This report examines the incentives and constraints to adaptive programming across the donor-implementer relationship – and how the behaviour that results influences market systems programming.
There is some agreement that flexible and adaptive management, throughout the programme cycle and in the financial and operational management of implementation, is essential for programme effectiveness. Yet for a wide variety of reasons, most organisations have far to go to reach this adaptive ideal. This study provides a catalyst for an open discussion of the many challenges to adaptive management, points towards innovations in programme design and management that are useful, and provides examples of emerging good practices.
The research team used a mixed-method approach, which included a literature review and 60 key informant interviews to identify the opportunities and limitations confronting the widespread adoption of adaptive management in market systems development programmes. Four 'baskets' of issues emerged: knowledge, leadership, culture, and procurement and contract features.
One of the most important findings is the influence of culture – organisational, office, and national – on the extent to which an organisation is successful in using adaptive management approaches. As a result, staffing issues, particularly the selection of chiefs of party and programme managers, were issues upon which respondents were very vocal. Another finding concerned results measurement systems and inflexible budgets. These two functions – as they currently exist – pull resources away and often create negative incentives to managing adaptively. A further finding of this study concerns the need for new programme design tools that are more explicitly experimental, in keeping with the need to explore solutions in complex environments. Finally, the wall between technical and support functions, across the donor/implementer spectrum, was also frequently cited as an impediment to adaptive programming.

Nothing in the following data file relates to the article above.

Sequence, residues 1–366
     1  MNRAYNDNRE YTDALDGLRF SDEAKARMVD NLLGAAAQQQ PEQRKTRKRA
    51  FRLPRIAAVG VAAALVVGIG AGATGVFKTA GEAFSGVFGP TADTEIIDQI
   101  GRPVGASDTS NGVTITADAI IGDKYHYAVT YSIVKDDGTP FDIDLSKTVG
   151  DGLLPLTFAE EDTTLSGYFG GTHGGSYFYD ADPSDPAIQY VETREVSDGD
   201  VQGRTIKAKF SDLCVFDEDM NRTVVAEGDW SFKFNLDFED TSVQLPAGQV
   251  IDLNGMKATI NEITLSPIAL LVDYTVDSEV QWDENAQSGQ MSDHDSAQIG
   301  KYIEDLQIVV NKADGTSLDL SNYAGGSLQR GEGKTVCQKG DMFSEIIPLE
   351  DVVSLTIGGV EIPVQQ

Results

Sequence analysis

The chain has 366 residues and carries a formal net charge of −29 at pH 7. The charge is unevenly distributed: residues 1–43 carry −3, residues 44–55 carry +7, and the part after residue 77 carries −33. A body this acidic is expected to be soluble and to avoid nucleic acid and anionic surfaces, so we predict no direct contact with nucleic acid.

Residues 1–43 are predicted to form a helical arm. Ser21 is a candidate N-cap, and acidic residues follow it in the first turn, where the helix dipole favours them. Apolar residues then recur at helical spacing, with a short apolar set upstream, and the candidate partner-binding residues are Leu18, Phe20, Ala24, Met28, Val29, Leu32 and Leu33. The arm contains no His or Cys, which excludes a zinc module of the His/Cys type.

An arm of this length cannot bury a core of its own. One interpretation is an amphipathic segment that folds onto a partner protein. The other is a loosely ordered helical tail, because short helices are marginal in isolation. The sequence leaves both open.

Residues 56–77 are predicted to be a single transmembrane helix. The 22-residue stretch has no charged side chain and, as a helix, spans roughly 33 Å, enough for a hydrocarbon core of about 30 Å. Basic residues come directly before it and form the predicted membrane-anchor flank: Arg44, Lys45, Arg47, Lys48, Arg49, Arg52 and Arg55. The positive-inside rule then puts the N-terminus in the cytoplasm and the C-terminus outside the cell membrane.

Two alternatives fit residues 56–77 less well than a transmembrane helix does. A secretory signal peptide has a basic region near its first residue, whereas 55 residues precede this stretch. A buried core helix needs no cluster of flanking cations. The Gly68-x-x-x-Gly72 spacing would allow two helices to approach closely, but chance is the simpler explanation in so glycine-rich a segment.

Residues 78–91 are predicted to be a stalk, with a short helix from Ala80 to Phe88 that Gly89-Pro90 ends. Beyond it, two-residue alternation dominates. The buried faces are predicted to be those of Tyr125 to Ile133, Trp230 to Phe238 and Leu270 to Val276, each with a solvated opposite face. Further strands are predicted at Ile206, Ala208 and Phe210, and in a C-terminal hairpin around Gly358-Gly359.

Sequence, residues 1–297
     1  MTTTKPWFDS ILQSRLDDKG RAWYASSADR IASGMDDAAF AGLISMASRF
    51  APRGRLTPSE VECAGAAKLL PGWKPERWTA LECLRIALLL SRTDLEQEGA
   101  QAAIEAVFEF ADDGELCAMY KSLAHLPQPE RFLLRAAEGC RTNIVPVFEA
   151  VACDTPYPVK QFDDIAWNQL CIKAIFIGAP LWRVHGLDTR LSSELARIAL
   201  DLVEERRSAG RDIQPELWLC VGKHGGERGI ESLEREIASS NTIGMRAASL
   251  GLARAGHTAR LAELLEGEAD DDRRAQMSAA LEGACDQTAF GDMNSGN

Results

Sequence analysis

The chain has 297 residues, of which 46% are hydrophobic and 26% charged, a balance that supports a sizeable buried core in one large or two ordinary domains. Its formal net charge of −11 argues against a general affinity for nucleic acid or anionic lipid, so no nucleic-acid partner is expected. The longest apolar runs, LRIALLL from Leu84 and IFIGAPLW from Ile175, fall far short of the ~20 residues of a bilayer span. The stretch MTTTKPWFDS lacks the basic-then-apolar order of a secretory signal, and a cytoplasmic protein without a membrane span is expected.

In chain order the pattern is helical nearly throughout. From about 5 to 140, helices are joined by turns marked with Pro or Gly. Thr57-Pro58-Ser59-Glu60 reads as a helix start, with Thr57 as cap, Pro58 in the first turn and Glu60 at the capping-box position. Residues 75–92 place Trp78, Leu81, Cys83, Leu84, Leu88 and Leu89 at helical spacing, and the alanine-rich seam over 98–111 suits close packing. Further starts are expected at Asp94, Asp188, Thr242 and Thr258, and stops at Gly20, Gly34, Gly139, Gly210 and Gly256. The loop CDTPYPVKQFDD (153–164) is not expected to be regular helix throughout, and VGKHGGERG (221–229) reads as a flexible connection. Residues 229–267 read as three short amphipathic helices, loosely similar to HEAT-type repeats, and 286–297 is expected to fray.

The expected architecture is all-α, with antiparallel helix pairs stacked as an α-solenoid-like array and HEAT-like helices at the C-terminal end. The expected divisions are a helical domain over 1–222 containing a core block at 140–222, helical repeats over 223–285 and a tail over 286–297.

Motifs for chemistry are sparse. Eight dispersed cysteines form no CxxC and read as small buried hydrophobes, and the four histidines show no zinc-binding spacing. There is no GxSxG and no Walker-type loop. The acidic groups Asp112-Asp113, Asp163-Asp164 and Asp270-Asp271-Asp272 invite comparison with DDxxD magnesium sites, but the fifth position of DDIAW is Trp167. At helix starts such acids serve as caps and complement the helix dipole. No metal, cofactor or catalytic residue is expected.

- Revise the definition of 'adaptive management' to involve purposeful experimentation, and pivots in strategy and tactics based on the results of detailed, planned experiments
- Rethink the logframe and how it is used, where progress, not ‘burn rates’ or indicators, can drive programme adaptation
- Satisfying the need to find a new way to express theories of change, donors and implementers should explore the use of hypothesis-based proposal designs and implementation plans
- Donor and implementer organisations should seek multiple ways to incorporate operational staff at all stages of the project cycle
- Wherever possible, focus on indicators that are at higher levels of market or systems change, not output level
- Donors and implementers should re-think how annual reports are used, to ensure that they drive future learning, instead of being seen as a static look backward
- Donors should consider where it is in their interest to reduce field staff responsibilities, allowing them to substantively engage with strategic/technical programme support
- Donors to provide budget guidance so that implementer finance teams can be comfortable with a level of ambiguity in the budget that can then be used flexibly
- Consider project designs where team leader is hired for management skills first and technical skills second.